Schmehl provided Wrangler News with a string of emails between Jim Flack, the commercial surveyor hired by the homeowner who had the block wall built, and officials from the City of Tempe, that details the months-long time frame leading up to the building of the wall.
In a December 5, 2019, email to Flack from Kathy Pettigrew, real estate management coordinator for community development and building safety in Tempe, Pettigrew explains that “Shady Lane Estates was carved out of an area where equestrian paths and uses were already in place, causing the City to require the subdivision to be conditioned to continue to be subject to them. The City would have no authority to abandon any portion of that path as it is not a public easement nor right of way, and I have no evidence that the City has any property interest nor authority to regulate the path.”
Months later, in a March 2 email from Deputy Director of Planning for Tempe Ryan Levesque, Flack was told: “You are seeking to abandon an easement, but because the city required the easement at the time of the zoning action (condition of approval). The reversal of a condition of zoning would require going through the very same process that the condition was placed on the property (an ordinance through a public hearing). I don’t believe there is support for such a request, as staff would be the recommending body.”
In an Aug. 17 email from Larry Heywood of Heywood Management, the company that manages Shady Lanes Estates, to Christa Zamaora, a Sunburst Farms resident, Heywood said the development’s architectural committee did not object to the building of the wall “as long as the owner of lot 7 adhered to any restrictions by the City of Tempe or any other approvals required…if there are easements on a lot, compliance with the requirements of any such easements are the responsibility of the lot owner.”
A plat map, available from the Maricopa County Assessor’s office, shows the property details of the Shady Lanes subdivision and contains clear references to the bridle path easement.
Wrangler News made several attempts to obtain comments from the Shady Lane Estates resident who had the block wall constructed but at press time had received no response.
Schmel wrote to the Tempe city council and mayor Aug. 14 outlining his concerns. In 1995 when the Shady Lane Estates developer sought a variance, an agreement was struck that “Shady Lane would contribute and maintain a portion of horse path on their border. At that time the south Tempe homeowners were encouraged by city staff to agree to the variances and accept this compromise. It was expressed to the staff at that time that it was important to maintain the rural setting that is unique to South Tempe and we were assured by the city that the requirement to include the additional horse path and the trees within would do that,” Schmel says in his email. “The intent of these requirements was to buffer the existing AG zoned homes from exactly what is now occurring with the addition of the wall in the middle of the horse path.”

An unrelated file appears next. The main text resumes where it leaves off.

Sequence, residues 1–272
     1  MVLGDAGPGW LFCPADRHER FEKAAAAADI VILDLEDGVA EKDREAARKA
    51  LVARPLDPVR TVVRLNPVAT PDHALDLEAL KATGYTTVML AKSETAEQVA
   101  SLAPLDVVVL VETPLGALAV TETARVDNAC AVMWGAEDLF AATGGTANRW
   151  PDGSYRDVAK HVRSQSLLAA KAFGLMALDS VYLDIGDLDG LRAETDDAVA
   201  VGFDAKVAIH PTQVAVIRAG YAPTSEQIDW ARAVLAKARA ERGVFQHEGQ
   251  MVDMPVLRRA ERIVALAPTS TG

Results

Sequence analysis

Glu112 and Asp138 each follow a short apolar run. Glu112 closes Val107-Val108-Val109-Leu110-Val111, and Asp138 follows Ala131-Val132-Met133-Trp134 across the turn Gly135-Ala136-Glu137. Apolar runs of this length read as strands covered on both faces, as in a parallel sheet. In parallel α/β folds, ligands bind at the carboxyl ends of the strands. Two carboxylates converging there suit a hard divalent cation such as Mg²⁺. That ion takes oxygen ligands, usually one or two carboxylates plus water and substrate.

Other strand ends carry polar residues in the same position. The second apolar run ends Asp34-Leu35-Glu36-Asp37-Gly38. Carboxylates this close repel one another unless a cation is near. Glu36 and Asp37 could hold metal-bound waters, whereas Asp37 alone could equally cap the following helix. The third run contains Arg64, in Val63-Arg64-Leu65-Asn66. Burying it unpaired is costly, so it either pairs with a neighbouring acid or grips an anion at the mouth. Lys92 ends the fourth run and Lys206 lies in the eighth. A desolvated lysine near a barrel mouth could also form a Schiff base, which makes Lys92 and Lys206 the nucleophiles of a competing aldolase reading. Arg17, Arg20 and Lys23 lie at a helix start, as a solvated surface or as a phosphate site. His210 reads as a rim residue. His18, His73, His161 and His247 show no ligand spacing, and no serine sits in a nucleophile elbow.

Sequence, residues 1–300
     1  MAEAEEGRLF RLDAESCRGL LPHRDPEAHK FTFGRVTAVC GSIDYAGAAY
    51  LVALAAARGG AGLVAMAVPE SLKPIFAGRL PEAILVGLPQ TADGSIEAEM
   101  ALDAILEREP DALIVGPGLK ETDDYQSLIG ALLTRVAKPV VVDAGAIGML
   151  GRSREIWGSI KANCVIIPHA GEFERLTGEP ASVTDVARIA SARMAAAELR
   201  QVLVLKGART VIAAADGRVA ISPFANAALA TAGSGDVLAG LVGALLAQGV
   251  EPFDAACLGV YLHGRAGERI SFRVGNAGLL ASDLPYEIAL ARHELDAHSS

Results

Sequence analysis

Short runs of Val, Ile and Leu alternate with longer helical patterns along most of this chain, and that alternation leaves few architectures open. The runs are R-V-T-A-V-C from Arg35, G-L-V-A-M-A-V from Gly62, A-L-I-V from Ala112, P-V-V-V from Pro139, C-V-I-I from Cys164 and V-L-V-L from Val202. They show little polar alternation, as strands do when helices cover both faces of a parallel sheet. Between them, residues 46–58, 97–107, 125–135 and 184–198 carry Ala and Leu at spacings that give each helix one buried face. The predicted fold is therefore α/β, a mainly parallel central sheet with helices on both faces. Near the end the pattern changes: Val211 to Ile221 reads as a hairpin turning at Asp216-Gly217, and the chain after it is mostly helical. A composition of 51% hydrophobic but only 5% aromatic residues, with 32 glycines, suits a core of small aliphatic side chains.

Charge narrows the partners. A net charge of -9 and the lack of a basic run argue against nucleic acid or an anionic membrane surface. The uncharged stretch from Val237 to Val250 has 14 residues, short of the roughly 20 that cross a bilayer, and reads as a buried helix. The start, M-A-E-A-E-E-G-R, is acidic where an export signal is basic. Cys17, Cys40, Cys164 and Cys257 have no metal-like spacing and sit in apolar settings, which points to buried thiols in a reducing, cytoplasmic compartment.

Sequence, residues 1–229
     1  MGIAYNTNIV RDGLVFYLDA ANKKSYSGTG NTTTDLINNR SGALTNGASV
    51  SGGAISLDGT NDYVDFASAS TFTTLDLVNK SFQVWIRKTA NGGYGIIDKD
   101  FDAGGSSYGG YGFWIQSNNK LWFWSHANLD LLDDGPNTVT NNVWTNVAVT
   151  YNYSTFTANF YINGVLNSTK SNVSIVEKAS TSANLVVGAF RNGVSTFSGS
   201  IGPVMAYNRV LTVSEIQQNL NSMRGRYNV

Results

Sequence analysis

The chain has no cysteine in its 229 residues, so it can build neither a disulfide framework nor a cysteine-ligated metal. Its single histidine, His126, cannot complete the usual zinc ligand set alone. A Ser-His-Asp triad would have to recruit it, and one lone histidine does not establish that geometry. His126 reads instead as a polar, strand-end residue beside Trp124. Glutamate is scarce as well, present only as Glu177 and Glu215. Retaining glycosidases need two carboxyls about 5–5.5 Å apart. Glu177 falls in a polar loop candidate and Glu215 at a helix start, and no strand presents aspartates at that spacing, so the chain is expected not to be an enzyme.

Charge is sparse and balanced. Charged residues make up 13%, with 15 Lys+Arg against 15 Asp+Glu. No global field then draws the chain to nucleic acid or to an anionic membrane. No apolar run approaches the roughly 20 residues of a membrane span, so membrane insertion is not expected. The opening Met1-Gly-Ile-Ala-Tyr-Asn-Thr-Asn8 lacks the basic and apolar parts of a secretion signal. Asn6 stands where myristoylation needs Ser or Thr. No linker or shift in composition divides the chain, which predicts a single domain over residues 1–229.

In an email to Wrangler News, Nikki Ripley, communication and media relations manager for the City of Tempe, said city staff, including the code compliance manager, zoning administrator and city attorney researched the recorded documents for Shady Lane Estates and determined the bridle path easement is private. “City staff also visited the site and confirmed the wall under construction does not exceed 7 feet in height. As a result, the city does not have legal enforcement abilities for this private easement and the wall being constructed does not require a city permit,” Ripley wrote.
Schmel disagrees and says so in his email to the mayor and council.
“I believe the city does have authority in this matter. I suggest as one alternative you look to this as a zoning violation. Just as zoning would prohibit running a night club in a residential neighborhood, so should zoning prevent the homeowner from building a wall in an easement dedicated to the south Tempe equestrian community.”
“I feel so bad for the residents,” Adams said.
“It’s just not right.”